The Death of Selling as we Know It


What does LinkedIn know that we don't?

LinkedIn recently published their jobs on the rise report and there were some roles predicted to increase in demand for 2023 that I found curious. It makes sense that roles that require data analysis and building operational efficiencies would see increases.

What caught my attention was that there were positions like sales development representatives and customer success associates listed as roles that were expected to increase in demand. Why would that be surprising?

With the release of ChatGPT, along with a number of AI powered top-of-funnel tools already in the marketplace, entry level positions in general and entry level sales positions in particular, seem to be at high risk of being phased out over the next 10 years. Traditional sales outreach saw massive increases during Covid and at the same time customer response rates tanked.

It would be easy for sellers to believe that this would be a temporary shift.

While sellers were cranking up the volume of traditional outreach, buyers were radically shifting their buying approaches. Customers shifted priorities to a largely self-service and frictionless experience with most of the consideration process occurring outside the view of sellers. Additionally, buyers were emphasizing speed and ease of information access over in-person or high-contact approaches.

Gatekeeping in all it's forms seems to be pushing customers away as access to information became democratized.

These buyer behavior shifts are echoed by research form McKinsey which noted that speed, transparency, and expertise are what buyers are prioritizing. The McKinsey research also noted that organizations needed to emphasize smooth digital experiences that focused on shortening ordering processes and had a more on-demand focus. Both buyers and sellers noted that this digital first approach is the preferred approach going forward.

Based on these trends, it might seem reasonable that these are only applicable to B2C or D2C selling motions. The reality is that almost 70% of buyers would be fine in a completely digital buying process for purchases over and above 50K. In fact, almost a third of buyers expressed no issues with buying products in excess of 500K without an in-person meeting.

This all sounds like it should make selling easier so what's the catch?

Selling is about to get a whole lot more difficult.

There is a confluence of events and innovations that should worry every sales organization. The first, and I'm sure we have all noticed it, is the explosion of bot accounts and fake profiles that have popped up. According to LinkedIn's own estimates, there were almost 21 million fake accounts that were identified and purged in the first half of 2022. And while that purge might have been somewhat effective, there's no reason to believe that's it's not just a game of whack-a-mole that's happening.

What's particularly interesting about the proliferation of these bots is that they have been getting increasingly more effective in fooling the average user. These bot-driven outreaches will typically seek to take a user off platform as part of some crypto or other similar scam. LinkedIn has even noted that removing these profiles has become more difficult due to their complexity.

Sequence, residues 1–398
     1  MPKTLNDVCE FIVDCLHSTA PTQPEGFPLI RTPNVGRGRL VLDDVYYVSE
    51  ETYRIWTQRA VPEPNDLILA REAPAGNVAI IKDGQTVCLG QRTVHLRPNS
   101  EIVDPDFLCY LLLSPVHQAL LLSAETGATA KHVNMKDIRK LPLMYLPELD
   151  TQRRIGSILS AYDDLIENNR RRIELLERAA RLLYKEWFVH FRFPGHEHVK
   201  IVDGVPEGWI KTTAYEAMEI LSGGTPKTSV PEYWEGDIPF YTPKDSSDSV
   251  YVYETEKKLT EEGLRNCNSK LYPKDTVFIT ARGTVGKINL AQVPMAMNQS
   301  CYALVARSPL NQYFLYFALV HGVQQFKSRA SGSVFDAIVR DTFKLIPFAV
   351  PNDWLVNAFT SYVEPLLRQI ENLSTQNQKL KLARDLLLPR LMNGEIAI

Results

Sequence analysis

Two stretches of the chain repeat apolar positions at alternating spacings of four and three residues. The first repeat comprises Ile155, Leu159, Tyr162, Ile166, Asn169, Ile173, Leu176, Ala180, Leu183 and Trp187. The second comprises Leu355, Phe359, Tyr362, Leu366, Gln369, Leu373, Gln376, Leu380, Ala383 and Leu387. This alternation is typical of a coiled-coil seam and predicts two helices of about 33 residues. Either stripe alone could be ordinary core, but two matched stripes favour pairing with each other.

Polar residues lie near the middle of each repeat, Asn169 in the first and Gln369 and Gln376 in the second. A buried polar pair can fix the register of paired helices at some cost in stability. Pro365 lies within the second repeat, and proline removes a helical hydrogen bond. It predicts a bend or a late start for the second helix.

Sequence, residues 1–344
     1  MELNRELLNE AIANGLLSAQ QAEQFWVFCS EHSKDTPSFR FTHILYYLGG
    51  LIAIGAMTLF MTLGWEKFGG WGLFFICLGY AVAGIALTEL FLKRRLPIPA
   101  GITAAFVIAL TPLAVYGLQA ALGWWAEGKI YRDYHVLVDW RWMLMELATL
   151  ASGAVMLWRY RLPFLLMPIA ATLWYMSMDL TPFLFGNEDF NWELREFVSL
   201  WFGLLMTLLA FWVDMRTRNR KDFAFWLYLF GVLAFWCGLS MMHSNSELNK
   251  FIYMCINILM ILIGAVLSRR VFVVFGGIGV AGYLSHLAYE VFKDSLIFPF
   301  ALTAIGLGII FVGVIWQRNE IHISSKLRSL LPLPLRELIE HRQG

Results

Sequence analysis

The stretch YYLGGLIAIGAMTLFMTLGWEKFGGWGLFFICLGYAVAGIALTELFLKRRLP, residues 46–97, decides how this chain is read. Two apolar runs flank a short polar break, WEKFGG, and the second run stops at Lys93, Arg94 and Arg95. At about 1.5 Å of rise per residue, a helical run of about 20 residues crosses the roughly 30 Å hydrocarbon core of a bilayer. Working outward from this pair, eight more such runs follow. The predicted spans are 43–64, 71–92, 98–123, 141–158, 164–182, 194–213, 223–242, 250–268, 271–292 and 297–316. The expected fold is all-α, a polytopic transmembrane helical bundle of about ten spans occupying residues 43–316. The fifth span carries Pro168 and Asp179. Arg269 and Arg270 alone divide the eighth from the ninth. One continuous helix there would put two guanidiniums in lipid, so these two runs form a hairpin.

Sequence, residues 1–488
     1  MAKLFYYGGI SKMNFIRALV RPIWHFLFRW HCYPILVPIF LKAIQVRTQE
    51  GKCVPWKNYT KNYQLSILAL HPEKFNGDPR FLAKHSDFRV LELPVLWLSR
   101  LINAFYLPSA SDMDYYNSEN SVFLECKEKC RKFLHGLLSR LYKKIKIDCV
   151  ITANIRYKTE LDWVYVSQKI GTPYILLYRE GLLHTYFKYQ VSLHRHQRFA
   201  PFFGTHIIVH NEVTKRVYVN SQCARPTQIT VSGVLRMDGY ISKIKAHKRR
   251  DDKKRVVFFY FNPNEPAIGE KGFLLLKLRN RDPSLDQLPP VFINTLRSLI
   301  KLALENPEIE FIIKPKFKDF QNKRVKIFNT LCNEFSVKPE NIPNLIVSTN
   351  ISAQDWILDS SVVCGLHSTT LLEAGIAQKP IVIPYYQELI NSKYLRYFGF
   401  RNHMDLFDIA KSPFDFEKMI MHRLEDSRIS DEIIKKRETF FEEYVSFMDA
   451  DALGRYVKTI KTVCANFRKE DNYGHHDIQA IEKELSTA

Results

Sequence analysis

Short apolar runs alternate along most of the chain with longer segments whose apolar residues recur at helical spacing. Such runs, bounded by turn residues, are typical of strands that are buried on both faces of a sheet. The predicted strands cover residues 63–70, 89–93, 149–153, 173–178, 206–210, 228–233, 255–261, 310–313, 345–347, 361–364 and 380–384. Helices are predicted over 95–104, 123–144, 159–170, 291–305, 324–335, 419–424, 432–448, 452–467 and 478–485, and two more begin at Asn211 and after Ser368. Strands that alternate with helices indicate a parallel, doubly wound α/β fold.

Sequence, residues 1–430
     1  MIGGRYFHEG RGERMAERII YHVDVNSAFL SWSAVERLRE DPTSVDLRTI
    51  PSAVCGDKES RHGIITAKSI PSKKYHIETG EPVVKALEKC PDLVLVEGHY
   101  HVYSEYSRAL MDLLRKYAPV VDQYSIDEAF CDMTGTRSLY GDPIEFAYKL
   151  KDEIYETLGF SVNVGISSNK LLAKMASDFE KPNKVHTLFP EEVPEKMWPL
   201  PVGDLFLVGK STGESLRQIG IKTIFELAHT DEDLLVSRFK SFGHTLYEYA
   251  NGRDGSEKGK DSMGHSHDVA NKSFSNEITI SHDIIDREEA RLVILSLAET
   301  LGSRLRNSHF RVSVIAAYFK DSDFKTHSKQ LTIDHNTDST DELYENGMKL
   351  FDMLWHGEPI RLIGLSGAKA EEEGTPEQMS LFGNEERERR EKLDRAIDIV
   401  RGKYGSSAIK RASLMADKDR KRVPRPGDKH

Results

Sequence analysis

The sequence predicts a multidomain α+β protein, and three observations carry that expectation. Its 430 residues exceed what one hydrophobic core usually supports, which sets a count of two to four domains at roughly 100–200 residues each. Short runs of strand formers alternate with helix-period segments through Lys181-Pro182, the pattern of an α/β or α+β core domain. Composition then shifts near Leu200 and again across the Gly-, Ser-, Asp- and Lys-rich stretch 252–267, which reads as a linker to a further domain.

While this might seem more of an annoyance than a threat, there is an ever expanding list of AI-powered chatbots that are gaining ground in the marketplace. It won't be long before a startup integrates this AI chat technology into a fake profile designed to solve some top of funnel outreach challenges for sales orgs. It may seem far-fetched but with some current AI tools approaching the threshold of being able to beat the Turing Test. I could foresee a near future where all initial sales outreach could be completely automated.

So what would be the implications of such an event taking place? It's difficult to project but I would imagine that it would decimate what's now the SDR and BDR ranks. If most orgs are pushing volume, why not get a bot that can push volume 24 hours a day? In addition to SDRs and BDRs being at risk, certain AEs would be at risk as well. It's easy to imagine a scenario where most of the TOFU activities are taken over with AI and automation and mid-funnel activity is handled by a few senior reps.

Now more than ever, it's critical for sellers to adapt quickly to the changing buyer and technological landscapes.

Industries that rely on volume outreach and/or prompt their teams to constantly smile and dial are going to be the first ones to look at replacing their human reps. In order for reps to remain relevant and create a hedge against being replaced, reps should be looking at taking as personalized a GTM approach as possible. nicholas thickett of Alignd | recently posted about an Harvard Business Review article that provided a roadmap for one way of being high-touch and creating constant value in the buying process.

Whatever road you select as a seller, the one that's rooted in driving volume is going to be a dead end. Whether we care to admit it or not, the sales playbooks from the 1980s won't work. Hell, the sales playbooks from the 2000s aren't working. If you want to remain relevant as a seller, the focus needs to be on building your profile as an SME and driving that value to your customers.

The choices are simple and stark for sellers: adapt or die.

Current and Upcoming Events:

Cascading Leadership - Innovators and Disruptors feature on Ali Al Jabry, CEO of Kwema is out now. Jiquanda Nelson 's interview on Cascading Leadership drops 2/2 Talent Strategy 60 - Panel discussion: Building Equity for Black Women in Leadership (2/1 12:30 CST)


By Dr. Jim Kanichirayil

Keywords: Future of Work, Innovation, Sales

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